|US8727203||Sep 16, 2010||May 20, 2014||Howmedica Osteonics Corp.||Methods for manufacturing porous orthopaedic implants|
|US20030136811 *||Jan 24, 2002||Jul 24, 2003||Siemens Westinghouse Power Corporation||Liquid phase diffusion bonding to a superalloy component|
|US20040243241 *||Feb 18, 2004||Dec 2, 2004||Naim Istephanous||Implants based on engineered metal matrix composite materials having enhanced imaging and wear resistance|
|US20100143576 *||Feb 12, 2010||Jun 10, 2010||Zimmer Technology, Inc.||Direct application of pressure for bonding porous coatings to substrate materials used in orthopaedic implants|
|WO2001013969A1 *||Aug 22, 2000||Mar 1, 2001||Shinhan Machinery Co., Ltd.||Apparatus and method for manufacturing an artificial porous titanium nickel medulla by using a hot rotational synthesis method|
|U.S. Classification||228/194, 623/919, 420/489, 228/195, 420/492, 228/262.72|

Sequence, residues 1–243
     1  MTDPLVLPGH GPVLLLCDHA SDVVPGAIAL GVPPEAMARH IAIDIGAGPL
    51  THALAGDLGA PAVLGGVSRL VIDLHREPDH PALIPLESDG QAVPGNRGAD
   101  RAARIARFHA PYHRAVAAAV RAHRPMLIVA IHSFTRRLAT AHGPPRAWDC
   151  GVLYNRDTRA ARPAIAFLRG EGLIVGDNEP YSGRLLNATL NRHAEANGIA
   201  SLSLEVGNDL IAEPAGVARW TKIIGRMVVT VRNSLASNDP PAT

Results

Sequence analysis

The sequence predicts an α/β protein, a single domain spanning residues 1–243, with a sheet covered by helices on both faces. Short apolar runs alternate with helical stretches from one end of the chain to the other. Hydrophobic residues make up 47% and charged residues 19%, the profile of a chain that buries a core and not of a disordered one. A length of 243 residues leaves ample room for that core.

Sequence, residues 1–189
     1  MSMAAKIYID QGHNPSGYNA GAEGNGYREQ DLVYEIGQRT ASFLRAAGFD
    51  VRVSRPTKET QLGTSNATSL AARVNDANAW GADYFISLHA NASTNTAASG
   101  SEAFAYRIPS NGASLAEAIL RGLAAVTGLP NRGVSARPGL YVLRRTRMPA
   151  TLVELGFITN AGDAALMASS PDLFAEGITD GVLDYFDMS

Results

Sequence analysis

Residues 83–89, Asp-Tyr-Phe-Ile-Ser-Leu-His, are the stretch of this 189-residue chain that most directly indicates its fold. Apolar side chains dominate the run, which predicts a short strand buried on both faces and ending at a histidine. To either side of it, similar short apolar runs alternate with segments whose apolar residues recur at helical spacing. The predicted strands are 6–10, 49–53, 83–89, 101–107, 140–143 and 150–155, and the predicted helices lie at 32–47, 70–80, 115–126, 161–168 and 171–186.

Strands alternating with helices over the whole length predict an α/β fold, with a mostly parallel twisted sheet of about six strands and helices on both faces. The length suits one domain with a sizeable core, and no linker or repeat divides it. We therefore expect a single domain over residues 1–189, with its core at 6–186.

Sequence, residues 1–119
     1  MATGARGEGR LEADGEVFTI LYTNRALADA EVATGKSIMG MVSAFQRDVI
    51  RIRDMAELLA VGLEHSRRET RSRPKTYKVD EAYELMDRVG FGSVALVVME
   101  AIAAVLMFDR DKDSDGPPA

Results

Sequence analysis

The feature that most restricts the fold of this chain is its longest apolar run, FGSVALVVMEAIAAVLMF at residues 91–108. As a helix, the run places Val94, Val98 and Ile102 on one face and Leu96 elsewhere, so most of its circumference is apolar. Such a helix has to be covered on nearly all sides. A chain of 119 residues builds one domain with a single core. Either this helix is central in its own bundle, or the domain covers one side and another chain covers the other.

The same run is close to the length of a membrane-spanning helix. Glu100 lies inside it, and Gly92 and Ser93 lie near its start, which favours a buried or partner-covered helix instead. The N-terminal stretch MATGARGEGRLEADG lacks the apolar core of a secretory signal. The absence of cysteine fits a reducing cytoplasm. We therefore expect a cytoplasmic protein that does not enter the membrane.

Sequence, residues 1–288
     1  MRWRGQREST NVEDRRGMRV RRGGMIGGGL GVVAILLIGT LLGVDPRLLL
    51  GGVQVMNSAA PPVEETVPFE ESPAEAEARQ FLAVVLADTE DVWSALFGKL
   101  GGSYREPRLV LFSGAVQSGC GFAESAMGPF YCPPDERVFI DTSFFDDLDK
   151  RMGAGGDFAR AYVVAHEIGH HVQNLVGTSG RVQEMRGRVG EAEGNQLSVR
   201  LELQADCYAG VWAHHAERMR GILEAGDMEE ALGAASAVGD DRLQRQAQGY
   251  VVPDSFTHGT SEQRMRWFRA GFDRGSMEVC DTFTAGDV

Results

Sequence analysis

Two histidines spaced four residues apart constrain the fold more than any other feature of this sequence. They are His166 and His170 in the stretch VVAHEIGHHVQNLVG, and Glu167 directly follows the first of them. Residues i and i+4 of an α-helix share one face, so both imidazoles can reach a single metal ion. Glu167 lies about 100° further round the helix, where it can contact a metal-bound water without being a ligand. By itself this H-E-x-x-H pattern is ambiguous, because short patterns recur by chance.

|International Classification||A61L27/56, A61L27/06, B22F7/00, A61F2/28, A61F2/00|
|Cooperative Classification||Y10S623/919, B22F7/004, A61L27/06, A61L27/56, B22F2998/00, A61F2/28, A61F2310/00023|
|European Classification||A61L27/06, A61F2/28, A61L27/56, B22F7/00B2|
|Jul 16, 1990||FPAY||Fee payment|
Year of fee payment: 4
|Oct 25, 1994||REMI||Maintenance fee reminder mailed|
|Mar 19, 1995||LAPS||Lapse for failure to pay maintenance fees|
|May 30, 1995||FP||Expired due to failure to pay maintenance fee|
Effective date: 19950322